Consider │ A Look at Comets [Part 1 of 3]

Consider │ A Look at Comets [Part 1 of 3]

For thousands of years, comets have been seen as mighty harbingers, and as such, their role in our reality has always been respected as having profound importance. These days, however, a few placeholder theories have caused a rather dramatic fall in the significance of these celestial voyagers.

Find a person with even a cursory knowledge of astronomy then ask them what a comet is made up of. The likely answer? Ice and maybe a bit of rock: a dirty snowball, in other words. And the closer you get to an astronomy buff, the more confident that answer will be. Certain individuals will even be able to elaborate and say that the jets and great tails of debris that we see with comets are the result of sublimation–solids turned straight to gas–taking place in their icy bodies as they approach the sun.
Sadly, that pervasive view on the nature of comets has never been anything more than a theory; one that was proposed before any decent observations of comets were ever made. When questioning any astronomy expert, you should find a person expressing doubt and reserving judgement over this antiquated theory. Instead, we find that it’s become a dogmatic belief, embedded in the minds of the populace.

Example of conventional comet patterns

Fortunately for us today, a body of evidence has been accumulating which can help us realize comets for what they truly are: electrical phenomena.
This accumulation began in the 80’s when our planet’s first probes reached comet Halley. The probes found that there was a density of negatively charged particles which the conventional model for comets forbids.
NASA’s Deep Space 1, a spacecraft launched in 1998, made a groundbreaking pass of comet Borrelly in which it obtained a host of measurements that allowed researchers to, for the first time, analyze a comet with a level of clarity that had never before been possible.

What the probe found was in stark contrast to what had been expected: there was no frozen ice on the surface. Instead, they discovered a surface that was hot and dry and rocky
The European Space Agency’s Rosetta mission to comet 67P, the most ambitious mission to a comet ever undertaken, has also worked against expectations by showing that its target comet is dry and rocky, with a surface nearly devoid of ice.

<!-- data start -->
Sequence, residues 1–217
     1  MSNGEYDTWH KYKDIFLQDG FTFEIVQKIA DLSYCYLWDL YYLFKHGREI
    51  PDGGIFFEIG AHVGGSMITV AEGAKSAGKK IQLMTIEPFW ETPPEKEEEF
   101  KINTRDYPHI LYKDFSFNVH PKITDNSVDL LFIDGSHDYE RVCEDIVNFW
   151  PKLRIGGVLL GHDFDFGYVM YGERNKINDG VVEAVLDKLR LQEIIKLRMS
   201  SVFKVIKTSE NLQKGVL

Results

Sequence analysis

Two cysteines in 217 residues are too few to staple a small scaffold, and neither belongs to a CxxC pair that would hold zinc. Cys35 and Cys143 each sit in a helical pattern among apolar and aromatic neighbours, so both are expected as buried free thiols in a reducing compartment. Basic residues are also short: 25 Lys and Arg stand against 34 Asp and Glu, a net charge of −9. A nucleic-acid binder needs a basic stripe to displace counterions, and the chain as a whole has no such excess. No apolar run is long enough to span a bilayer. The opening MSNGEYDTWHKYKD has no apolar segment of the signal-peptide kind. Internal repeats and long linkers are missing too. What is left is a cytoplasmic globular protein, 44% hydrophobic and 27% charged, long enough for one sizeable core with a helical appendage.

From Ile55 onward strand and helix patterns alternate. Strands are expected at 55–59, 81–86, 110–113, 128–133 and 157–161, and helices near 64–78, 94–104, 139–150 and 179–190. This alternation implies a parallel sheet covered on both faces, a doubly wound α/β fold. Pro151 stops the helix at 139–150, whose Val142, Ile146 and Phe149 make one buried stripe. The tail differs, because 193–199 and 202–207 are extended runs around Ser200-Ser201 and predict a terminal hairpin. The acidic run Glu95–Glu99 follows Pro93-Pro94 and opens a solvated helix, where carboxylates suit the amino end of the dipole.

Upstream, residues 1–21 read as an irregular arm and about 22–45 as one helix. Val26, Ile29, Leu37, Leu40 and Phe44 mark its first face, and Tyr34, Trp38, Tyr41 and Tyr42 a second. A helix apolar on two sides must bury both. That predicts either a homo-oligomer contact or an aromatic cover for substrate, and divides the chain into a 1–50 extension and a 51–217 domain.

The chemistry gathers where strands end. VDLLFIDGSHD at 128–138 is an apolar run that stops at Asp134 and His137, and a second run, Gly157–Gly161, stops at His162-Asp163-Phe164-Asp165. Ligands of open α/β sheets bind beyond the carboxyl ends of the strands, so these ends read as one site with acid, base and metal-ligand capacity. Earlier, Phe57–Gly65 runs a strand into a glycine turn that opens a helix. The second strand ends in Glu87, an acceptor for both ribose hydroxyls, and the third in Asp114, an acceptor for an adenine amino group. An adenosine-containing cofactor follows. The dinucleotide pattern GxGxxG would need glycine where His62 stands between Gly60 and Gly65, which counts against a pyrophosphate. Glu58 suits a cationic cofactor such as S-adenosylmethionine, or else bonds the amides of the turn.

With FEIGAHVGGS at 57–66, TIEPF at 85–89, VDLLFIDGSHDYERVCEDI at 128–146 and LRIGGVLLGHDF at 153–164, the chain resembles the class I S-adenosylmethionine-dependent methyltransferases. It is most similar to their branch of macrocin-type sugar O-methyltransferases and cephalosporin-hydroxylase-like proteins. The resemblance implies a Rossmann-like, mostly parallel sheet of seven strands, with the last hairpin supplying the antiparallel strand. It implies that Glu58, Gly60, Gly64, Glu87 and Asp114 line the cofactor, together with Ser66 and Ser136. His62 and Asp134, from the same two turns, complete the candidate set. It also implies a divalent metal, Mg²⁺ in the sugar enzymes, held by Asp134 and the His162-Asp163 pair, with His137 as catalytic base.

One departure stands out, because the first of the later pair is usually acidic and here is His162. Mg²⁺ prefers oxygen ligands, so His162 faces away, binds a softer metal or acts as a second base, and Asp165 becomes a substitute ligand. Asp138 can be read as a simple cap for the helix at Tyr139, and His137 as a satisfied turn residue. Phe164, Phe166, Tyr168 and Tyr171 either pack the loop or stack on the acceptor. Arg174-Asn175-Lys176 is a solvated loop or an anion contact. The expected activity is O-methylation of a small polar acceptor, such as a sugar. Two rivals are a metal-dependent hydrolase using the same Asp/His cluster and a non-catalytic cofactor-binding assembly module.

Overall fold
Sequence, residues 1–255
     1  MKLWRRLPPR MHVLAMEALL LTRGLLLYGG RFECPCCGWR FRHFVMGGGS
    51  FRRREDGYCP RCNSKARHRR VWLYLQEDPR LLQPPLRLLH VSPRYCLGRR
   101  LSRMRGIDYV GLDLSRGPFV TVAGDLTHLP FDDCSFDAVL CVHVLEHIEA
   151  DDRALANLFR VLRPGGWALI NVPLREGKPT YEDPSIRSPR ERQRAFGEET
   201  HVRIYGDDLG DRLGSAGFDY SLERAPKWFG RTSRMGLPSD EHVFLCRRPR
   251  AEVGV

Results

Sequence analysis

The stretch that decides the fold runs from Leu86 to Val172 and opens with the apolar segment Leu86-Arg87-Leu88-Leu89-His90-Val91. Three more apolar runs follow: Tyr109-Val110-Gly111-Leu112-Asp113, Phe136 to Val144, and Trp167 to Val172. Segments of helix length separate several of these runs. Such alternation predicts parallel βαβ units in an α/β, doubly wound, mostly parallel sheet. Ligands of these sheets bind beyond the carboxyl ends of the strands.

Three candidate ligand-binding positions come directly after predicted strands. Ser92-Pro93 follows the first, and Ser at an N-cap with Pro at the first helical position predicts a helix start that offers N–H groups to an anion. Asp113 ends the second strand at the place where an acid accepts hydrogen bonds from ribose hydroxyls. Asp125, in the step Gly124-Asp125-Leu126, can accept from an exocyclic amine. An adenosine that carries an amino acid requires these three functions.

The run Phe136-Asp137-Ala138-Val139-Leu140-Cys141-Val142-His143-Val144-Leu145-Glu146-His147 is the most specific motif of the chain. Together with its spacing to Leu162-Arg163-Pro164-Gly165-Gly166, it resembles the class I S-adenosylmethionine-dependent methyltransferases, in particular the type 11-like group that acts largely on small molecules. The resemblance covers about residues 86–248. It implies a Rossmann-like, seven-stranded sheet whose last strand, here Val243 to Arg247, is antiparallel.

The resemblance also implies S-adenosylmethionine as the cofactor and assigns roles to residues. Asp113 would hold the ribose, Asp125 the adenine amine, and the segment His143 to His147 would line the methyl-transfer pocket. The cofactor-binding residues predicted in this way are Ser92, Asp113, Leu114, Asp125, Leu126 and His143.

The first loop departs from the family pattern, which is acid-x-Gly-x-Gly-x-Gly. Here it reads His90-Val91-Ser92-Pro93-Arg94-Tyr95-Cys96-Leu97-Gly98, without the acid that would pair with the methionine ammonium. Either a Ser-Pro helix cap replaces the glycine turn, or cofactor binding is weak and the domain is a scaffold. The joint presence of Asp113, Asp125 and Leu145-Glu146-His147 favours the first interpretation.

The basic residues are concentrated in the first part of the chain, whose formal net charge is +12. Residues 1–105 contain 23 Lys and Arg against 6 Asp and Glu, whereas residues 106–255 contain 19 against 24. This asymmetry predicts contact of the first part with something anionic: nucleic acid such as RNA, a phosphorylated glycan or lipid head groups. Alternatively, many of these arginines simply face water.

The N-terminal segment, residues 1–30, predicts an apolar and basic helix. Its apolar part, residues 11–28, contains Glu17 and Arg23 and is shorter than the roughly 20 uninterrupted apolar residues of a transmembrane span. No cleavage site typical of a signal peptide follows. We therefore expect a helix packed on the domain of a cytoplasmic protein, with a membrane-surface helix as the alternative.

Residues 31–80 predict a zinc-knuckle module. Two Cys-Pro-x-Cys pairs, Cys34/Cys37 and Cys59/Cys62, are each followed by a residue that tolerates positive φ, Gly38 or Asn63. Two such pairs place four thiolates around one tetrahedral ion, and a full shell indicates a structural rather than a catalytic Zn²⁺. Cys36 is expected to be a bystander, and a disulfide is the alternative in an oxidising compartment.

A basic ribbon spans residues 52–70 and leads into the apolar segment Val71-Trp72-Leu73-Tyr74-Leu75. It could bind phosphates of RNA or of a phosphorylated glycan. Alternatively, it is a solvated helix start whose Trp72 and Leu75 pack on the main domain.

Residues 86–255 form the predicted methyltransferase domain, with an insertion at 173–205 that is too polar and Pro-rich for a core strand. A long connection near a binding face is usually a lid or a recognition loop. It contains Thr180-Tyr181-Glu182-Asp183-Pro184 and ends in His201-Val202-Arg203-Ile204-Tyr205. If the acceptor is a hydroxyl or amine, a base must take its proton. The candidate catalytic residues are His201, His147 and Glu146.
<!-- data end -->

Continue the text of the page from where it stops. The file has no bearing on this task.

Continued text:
As well, this mission discovered well-defined cliff features and other rocky formations that cannot exist with the conventional comet model. It also revealed dunes and what would appear to be wind-streaks and even wind-ripples on the areas of the comet where dust had collected; which is naturally quite problematic because the comet cannot support wind–though such phenomena can be explained by electrical activity. These observed dust patterns even managed to shift during the period of observation; a discovery which was completely unexpected and certainly goes against the conventional model.

But before we go any further, let’s briefly return to the mystery surrounding a comet’s debris jets and tail. With the revelations from Deep Space 1, that at least some comets are not giant balls of ice, ideas began to shift and a new theory gradually came to the forefront: comets are still balls of ice, but some have a rocky exterior in which the sublimation of ice takes place beneath the surface in order to cause the jets of gas and long comet tail.
However, with the findings of the Rosetta mission, this theory has lost a considerable amount of ground. For one thing, no openings to the theorized sub-surface pressure chambers could be found, the regions where sublimation would be taking place and gas would be explosively ejecting out from beneath the surface. What the probe did observe was long and thin filaments of emissions, entirely inconsistent with any explosive buildup and ejection of gas and how sublimating reactions expand in a vacuum. The luminous dust particles travelling away from the comet were found to be accelerating far faster than such particles would be travelling if they were the result of mere sublimation. An unexpected electron-cloud was also observed around the comet. As well, the comet was found to be emitting electromagnetic oscillations, a phenomena that’s often referred to as singing.

A depiction of the famous Haley’s comet

Although the above discoveries confound the conventional model, they fit snugly with an electrical understanding of comets.
Looking at a comet’s emissions, we need look no further for an explanation than one that’s already been laboratory proven. Hydrogen ions in the solar wind slam into comets and interact with oxygen in the silicate to create hydroxyl–an oxygen atom bonded to one hydrogen atom–along with water. Electrical charges naturally build as comets dive into the inner solar system and collect ever-greater concentrations of hydrogen ions. Discharges occur with increasing frequency as the comet grows closer to the sun, and these discharges result in an electro-chemical reaction that creates the aforementioned hydroxyl and water.
(End of part one)

all images used in this article can be found in the public domain or are being used under a creative commons license

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